FIG. 36 shows an embodiment of an expandable electrical conductor 113 comprising a double core 104 and a double outer shield 110. The double outer shield 110 comprises an outer shield center 111 and an outer shield shell 112. FIG. 37 shows an embodiment of the expandable electrical conductor 113 comprising a double core 104, an inner dielectric 65, an inner shield 66, an outer dielectric 67, and an outer shield 62. In this embodiment, it is believe that if the double core 104 lengthens and the inner shield 66 and the outer shield 62 do not lengthen that the signal may still be transmitted as long as the outer shield 62 is grounded to the downhole component 73.

Patent Citations
Cited PatentFiling datePublication dateApplicantTitle
US2414719Apr 25, 1942Jan 21, 1947Stanolind Oil & Gas CoTransmission system
US3518608Oct 28, 1968Jun 30, 1970Shell Oil CoTelemetry drill pipe with thread electrode
US4739325Mar 6, 1986Apr 19, 1988Macleod Laboratories, Inc.Apparatus and method for down-hole EM telemetry while drilling
US4788544Jan 8, 1987Nov 29, 1988Hughes Tool Company - UsaWell bore data transmission system
US4914433Apr 19, 1988Apr 3, 1990Hughes Tool CompanyConductor system for well bore data transmission
US6012015Sep 18, 1997Jan 4, 2000Baker Hughes IncorporatedControl model for production wells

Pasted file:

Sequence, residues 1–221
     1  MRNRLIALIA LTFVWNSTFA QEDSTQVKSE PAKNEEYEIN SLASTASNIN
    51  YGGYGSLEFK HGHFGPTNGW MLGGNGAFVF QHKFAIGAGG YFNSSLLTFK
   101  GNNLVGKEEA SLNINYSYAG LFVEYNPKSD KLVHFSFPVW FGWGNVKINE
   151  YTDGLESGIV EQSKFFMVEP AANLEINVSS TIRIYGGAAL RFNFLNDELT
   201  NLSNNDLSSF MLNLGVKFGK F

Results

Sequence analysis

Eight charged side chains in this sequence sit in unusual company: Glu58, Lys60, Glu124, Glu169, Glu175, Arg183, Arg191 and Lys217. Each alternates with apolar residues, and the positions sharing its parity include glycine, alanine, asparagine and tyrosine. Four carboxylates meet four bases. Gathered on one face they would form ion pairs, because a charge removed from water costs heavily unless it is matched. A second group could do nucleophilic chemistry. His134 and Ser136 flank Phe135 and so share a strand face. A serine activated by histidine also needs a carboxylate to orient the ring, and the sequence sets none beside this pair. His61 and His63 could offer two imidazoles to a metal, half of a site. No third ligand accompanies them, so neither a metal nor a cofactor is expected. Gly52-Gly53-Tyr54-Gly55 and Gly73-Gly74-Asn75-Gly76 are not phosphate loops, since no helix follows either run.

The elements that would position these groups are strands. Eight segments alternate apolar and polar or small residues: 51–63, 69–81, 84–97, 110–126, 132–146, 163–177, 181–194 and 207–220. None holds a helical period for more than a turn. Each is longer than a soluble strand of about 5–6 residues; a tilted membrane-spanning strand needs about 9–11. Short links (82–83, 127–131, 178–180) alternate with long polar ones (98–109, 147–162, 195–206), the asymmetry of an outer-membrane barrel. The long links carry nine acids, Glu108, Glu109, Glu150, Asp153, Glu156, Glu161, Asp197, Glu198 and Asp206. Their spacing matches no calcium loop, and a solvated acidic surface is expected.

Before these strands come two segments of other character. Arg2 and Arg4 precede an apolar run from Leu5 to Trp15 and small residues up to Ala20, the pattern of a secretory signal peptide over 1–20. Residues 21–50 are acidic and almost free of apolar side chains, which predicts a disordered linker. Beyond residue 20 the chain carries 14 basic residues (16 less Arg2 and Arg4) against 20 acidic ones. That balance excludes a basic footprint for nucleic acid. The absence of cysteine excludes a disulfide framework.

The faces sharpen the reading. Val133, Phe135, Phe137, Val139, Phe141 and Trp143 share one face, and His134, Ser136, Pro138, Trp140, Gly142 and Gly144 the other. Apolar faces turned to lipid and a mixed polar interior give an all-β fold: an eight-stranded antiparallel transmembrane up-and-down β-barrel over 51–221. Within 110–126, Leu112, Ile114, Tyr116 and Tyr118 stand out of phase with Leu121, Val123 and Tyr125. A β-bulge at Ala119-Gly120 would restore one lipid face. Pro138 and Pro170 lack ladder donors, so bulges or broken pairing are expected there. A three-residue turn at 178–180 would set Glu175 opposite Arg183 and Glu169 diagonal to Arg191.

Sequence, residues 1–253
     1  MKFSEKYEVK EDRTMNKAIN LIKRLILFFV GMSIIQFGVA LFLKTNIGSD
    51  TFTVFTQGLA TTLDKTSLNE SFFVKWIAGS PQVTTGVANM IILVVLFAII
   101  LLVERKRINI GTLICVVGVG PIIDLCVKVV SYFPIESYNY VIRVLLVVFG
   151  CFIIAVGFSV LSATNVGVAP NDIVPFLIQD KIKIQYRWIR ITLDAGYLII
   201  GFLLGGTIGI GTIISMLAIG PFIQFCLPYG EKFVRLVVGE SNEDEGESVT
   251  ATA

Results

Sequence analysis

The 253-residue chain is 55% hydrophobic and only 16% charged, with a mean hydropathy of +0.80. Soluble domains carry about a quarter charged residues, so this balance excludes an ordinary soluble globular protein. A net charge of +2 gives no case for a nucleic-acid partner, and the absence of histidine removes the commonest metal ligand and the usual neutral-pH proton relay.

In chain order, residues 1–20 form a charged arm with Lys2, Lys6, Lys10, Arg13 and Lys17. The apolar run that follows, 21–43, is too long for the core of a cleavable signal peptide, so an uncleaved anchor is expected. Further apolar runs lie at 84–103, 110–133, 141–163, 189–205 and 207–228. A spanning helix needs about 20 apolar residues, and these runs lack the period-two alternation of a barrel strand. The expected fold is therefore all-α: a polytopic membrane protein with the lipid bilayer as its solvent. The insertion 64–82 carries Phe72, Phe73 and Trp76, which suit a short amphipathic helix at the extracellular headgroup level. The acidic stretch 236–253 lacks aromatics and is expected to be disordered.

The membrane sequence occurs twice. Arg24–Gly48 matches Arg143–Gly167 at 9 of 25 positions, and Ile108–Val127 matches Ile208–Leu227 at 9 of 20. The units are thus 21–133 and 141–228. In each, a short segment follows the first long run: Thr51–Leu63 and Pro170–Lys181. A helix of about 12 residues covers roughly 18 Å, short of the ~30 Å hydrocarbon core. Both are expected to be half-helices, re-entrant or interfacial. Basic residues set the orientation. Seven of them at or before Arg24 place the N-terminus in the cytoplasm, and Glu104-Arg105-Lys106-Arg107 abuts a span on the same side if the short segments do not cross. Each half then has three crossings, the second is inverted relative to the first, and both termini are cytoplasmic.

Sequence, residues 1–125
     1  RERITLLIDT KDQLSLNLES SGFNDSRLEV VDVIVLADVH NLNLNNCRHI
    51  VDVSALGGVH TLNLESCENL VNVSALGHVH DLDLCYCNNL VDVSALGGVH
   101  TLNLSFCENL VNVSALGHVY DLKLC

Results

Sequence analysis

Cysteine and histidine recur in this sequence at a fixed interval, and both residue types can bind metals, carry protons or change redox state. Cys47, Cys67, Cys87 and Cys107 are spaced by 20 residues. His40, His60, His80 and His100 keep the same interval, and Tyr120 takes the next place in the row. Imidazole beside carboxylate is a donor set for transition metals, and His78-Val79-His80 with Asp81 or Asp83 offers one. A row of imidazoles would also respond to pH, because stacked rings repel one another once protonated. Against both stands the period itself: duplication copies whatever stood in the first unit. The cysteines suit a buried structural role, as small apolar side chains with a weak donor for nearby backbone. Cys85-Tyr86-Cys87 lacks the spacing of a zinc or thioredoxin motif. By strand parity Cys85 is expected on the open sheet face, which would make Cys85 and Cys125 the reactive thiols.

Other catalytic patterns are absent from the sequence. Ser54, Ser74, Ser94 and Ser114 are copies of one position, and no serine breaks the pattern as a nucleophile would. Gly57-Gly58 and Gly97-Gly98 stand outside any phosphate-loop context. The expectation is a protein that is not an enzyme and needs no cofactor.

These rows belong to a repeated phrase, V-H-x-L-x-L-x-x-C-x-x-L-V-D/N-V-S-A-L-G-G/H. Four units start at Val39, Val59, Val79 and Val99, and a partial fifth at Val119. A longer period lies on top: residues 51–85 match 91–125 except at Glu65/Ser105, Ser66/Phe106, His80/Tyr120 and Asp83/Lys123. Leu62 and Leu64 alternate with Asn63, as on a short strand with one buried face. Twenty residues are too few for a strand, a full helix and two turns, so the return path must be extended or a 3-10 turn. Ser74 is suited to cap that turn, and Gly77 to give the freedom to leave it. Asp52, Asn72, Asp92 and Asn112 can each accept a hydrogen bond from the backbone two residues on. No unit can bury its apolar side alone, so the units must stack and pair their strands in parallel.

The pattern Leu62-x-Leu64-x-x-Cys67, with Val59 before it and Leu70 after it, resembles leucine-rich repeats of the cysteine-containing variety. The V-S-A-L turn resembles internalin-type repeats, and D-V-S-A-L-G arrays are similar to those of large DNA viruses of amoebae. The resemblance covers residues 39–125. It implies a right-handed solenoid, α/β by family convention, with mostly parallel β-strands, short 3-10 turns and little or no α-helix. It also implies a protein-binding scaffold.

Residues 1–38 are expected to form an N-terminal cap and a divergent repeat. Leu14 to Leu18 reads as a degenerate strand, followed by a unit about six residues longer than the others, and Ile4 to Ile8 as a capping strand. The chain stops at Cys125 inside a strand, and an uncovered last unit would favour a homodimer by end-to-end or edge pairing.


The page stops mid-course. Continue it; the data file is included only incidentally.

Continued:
US6252518Nov 17, 1998Jun 26, 2001Schlumberger Technology CorporationCommunications systems in a well
US6392317Aug 22, 2000May 21, 2002David R. HallAnnular wire harness for use in drill pipe
US6443763Jul 13, 2000Sep 3, 2002Framatome Connectors InternationalTriaxial contact and process for assembling the contact
US6587054 *Mar 5, 2001Jul 1, 2003Baker Hughes IncorporatedElectrical submersible pump cable
US6670880Mar 23, 2001Dec 30, 2003Novatek Engineering, Inc.Downhole data transmission system
US6688396Nov 8, 2001Feb 10, 2004Baker Hughes IncorporatedIntegrated modular connector in a drill pipe
US6692299Nov 4, 2002Feb 17, 2004Hitachi Cable Indiana, Inc.Electrical connector for coaxial cable
US6717501Jul 18, 2001Apr 6, 2004Novatek Engineering, Inc.Downhole data transmission system
US6799632Aug 5, 2002Oct 5, 2004Intelliserv, Inc.Expandable metal liner for downhole components
US6815617 *Jun 21, 2002Nov 9, 2004Belden Technologies, Inc.Serrated cable core
US6821147Aug 14, 2003Nov 23, 2004Intelliserv, Inc.Internal coaxial cable seal system
US6830467Apr 30, 2003Dec 14, 2004Intelliserv, Inc.Electrical transmission line diametrical retainer